Reading about the meat riots evoked a deep sense of pride, one that was different from anything I’d felt towards feminism before. I’ve always valued Judaism because it allows me to feel part of a community and history that is much older and more complex than myself - just like feminism does. There is solace to be found in both Jewish and feminist spaces, and I rely on that comfort to navigate the world we live in. I knew that there were Jews who were feminists, but the idea of a Jewish feminism was radical to me.  

Today I would say that  I am an intersectional feminist, and learning about the rich history of Jewish feminism helped me to arrive there. But when thinking back to A Brief History of Feminism, my introduction to the movement, I occasionally feel resentful of the limited picture it painted for me.  

Despite acknowledging the many contributions of queer and Black feminists, A Brief History of Feminism was a relatively unabashed celebration of mainstream feminism. I often feel that my experience with the book holds two conflicting truths. The book was a wonderful entry point for me, containing enough information to make me passionate about the movement, yet it left out enough to keep me curious. The book didn’t portray feminism as a simple or unchanging movement, nor did it delve too deep into the details or lose a common thread. It met me where I was and inspired me to continue my feminist journey.  

Even so, for a book that claims to overview the history of the whole feminist movement, the overwhelming focus on the feminism of wealthy white women is disappointing. A Brief History of Feminism risks perpetuating the narrative that mainstream white feminism has been and is the only acceptable and effective anti-patriarchal movement to exist. This is simply not true, but I wouldn’t have been able to say that in full confidence after reading A Brief History of Feminism for the first time. 

As time has passed, I’ve accepted the fact that I simply needed to learn more to make sense of my imperfect introduction to feminism. Pirkei Avot tells us “You are not obligated to complete the work, but neither are you free to abandon it.” I cannot blame A Brief History of Feminism for not introducing me to feminist perspectives beyond mainstream feminism. However, it is my responsibility to use my own experiences as impetus to create a more perfect world for other Jewish girls to grow up in.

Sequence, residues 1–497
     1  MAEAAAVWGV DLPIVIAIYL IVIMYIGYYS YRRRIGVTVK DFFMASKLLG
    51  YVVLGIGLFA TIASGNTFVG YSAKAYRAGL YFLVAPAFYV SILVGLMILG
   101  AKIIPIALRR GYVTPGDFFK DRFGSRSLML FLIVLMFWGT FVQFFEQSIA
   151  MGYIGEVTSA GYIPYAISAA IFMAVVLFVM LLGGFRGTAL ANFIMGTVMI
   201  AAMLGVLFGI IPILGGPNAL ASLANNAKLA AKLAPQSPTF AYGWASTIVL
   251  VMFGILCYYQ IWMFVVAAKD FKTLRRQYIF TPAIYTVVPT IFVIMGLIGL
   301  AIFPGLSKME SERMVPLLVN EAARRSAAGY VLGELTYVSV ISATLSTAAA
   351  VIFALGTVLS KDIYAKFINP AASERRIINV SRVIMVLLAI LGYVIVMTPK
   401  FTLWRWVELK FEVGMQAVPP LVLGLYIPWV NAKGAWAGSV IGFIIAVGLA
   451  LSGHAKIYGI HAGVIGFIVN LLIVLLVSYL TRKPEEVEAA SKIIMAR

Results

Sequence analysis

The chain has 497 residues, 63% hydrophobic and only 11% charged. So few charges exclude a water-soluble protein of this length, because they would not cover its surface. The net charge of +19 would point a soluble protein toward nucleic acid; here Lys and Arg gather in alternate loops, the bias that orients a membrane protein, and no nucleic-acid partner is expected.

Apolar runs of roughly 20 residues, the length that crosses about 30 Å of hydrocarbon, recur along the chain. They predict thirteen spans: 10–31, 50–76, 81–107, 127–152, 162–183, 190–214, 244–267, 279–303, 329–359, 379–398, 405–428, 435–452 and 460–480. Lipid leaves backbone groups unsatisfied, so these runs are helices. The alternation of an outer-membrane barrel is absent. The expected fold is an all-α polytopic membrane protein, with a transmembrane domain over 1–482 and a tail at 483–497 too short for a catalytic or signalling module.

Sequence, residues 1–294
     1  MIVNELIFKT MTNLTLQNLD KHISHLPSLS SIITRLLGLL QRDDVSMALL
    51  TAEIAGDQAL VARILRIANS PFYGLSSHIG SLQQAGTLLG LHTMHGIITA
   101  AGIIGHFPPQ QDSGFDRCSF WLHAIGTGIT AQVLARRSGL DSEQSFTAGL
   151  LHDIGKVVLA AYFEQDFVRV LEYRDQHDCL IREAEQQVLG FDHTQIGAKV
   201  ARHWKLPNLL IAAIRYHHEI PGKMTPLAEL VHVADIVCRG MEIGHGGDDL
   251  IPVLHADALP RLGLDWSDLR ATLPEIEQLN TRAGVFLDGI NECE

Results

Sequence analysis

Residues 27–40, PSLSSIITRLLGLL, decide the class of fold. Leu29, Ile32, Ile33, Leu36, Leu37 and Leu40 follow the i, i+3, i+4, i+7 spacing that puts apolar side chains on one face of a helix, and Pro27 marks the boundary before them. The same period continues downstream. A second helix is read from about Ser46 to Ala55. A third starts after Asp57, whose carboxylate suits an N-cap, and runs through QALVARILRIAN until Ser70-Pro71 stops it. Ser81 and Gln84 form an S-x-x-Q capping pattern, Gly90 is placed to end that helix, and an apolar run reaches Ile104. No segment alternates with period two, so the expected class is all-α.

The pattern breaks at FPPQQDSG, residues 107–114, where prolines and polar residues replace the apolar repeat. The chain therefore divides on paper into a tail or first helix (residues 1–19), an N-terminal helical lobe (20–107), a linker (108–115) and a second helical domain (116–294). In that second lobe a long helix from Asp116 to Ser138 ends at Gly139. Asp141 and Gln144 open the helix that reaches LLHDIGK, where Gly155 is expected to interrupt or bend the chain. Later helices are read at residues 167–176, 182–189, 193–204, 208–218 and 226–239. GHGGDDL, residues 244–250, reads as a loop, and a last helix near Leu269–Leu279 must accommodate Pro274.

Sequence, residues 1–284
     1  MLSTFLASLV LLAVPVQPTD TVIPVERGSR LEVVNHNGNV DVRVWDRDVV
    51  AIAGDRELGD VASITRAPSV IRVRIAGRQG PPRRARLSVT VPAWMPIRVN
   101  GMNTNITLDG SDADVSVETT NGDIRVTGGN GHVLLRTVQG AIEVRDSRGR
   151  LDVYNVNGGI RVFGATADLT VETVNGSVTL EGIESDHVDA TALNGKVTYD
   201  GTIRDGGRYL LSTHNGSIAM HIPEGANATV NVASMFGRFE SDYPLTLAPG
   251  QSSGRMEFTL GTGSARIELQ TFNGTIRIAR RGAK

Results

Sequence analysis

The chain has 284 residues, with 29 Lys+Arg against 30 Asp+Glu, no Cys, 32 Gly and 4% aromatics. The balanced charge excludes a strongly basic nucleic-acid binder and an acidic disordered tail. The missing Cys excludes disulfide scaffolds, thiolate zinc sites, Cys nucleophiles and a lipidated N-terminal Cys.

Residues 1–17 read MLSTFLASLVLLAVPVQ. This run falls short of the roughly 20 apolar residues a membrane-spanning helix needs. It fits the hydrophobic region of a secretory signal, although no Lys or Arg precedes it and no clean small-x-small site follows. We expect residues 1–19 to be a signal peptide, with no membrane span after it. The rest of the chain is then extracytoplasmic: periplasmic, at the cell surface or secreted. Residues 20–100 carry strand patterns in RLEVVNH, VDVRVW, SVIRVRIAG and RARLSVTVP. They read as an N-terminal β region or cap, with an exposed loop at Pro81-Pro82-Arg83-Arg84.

This piece was written as part of JWA’s Rising Voices Fellowship.

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Thank you, Lucy, for your rising voice on Feminism. Your leadership invites your peers to think about their influence as women. And your pursuit to learn and experience the landscape of possibilities is essential. As an intersectional feminist, your leadership spreads far and wide. "And let all who labor with the community, labor with them for the sake of Heaven. For then the merit of their ancestors upholds them and their righteousness endures forever. As for you, I deem you worthy of great reward....." Pirket Avot 2:@

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How to cite this page

Targum, Lucy. "How I Became An Intersectional Feminist." 25 October 2023. Jewish Women's Archive. (Viewed on April 23, 2024) <>.